NEW YORK (Reuters) – Oil prices fell 3% on Wednesday after hundreds of new coronavirus cases reported in Europe and the Middle East stoked fears that energy demand would decline, and on concerns that the virus would become a pandemic in the United States.
FILE PHOTO: Pumpjacks are seen against the setting sun at the Daqing oil field in Heilongjiang province, China December 7, 2018. REUTERS/Stringer
Brent crude was down $1.77, or 3.2%, to $53.18 a barrel by 2:04 p.m. EST (1904 GMT) while U.S. West Texas Intermediate (WTI) crude shed $1.45, or 2.9%, $48.45 a barrel.
Both benchmarks were on track to end the session at their weakest in more than a year.
“It’s still all about the virus here,” said Bob Yawger, director of energy futures at Mizuho in New York. “It’s going to be hard for risk assets to gather momentum.”
Oil followed equities lower after reports that dozens people were being monitored in New York for possible coronavirus exposure.
Prices briefly turned positive after the U.S. government reported a drop in gasoline inventories last week. Crude stocks grew by 452,000 barrels to 443.3 million barrels, the Energy Information Administration said, which was less than the 2-million-barrel rise analysts had expected. [EIA/S]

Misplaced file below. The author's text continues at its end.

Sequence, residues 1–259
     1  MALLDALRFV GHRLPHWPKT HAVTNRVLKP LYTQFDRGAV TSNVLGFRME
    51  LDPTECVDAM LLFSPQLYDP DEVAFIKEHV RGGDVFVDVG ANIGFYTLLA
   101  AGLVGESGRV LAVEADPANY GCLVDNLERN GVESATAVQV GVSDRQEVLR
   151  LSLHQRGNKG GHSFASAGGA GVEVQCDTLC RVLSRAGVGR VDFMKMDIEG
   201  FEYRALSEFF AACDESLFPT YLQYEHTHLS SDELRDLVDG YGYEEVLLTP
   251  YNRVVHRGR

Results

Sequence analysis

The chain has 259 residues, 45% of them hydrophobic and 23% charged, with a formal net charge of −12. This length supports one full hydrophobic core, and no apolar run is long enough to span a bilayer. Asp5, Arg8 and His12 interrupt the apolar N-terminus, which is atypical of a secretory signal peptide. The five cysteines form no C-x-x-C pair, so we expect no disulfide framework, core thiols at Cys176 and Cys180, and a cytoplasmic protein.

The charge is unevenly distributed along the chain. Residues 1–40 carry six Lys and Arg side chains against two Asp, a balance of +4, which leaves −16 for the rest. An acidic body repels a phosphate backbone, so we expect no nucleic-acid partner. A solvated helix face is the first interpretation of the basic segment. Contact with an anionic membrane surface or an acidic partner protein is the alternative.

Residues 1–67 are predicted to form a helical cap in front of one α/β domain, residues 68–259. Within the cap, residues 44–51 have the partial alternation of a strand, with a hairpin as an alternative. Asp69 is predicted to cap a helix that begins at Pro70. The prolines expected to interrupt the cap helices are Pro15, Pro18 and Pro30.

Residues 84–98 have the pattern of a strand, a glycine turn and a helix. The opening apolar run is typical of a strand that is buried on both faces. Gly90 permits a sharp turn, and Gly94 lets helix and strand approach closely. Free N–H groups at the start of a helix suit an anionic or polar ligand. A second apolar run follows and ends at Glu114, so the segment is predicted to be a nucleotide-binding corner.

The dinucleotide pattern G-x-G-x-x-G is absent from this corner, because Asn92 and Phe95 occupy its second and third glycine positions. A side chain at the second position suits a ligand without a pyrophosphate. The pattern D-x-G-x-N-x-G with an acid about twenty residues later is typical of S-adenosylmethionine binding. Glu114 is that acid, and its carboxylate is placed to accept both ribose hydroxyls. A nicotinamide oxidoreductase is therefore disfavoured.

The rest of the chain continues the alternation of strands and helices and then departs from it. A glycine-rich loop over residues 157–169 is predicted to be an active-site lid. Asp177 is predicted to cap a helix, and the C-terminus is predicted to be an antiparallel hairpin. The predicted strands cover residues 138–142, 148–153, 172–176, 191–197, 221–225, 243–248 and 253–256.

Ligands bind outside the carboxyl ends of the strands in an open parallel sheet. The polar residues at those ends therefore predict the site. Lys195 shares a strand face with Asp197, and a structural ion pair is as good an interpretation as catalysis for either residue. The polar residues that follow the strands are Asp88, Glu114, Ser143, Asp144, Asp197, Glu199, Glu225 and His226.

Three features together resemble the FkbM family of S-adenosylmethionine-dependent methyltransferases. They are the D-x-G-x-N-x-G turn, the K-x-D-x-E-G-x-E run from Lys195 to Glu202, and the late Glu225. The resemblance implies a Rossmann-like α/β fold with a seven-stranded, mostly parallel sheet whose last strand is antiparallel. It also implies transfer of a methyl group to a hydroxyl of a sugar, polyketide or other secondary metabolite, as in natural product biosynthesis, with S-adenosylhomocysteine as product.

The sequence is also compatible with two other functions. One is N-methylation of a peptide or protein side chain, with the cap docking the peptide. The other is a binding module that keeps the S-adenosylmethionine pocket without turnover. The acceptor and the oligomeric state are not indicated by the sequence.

Goldman Sachs cut its 2020 oil demand growth forecast to 600,000 barrels per day (bpd) from 1.2 million bpd, and lowered its Brent forecast to $60 a barrel from $63.
“We see oil prices improving through the year, assuming demand begins to normalize” in the second half, it said.
Authorities around the world battled to prevent the spread of coronavirus, which has now been found in about 30 countries.
Gains on Wall Street led stocks across the globe higher, a rebound from a sharp selloff linked to coronavirus worries, but other financial markets felt nagging pressure. [MKTS/GLOB]
The World Health Organization’s (WHO) chief said while the sudden rise in novel coronavirus cases was “deeply concerning,” the virus could still be contained and did not amount to a pandemic.
U.S. President Donald Trump said he will hold a news conference on the coronavirus at 6 p.m.
Germany’s economy is nearing stagnation due to the outbreak, the DIW economic institute said on Wednesday.
Additional reporting by Bozorgmehr Sharafedin in London, Yuka Obayashi in Tokyo and Laura Sanicola in New York. Editing by Tom Brown and David Gregorio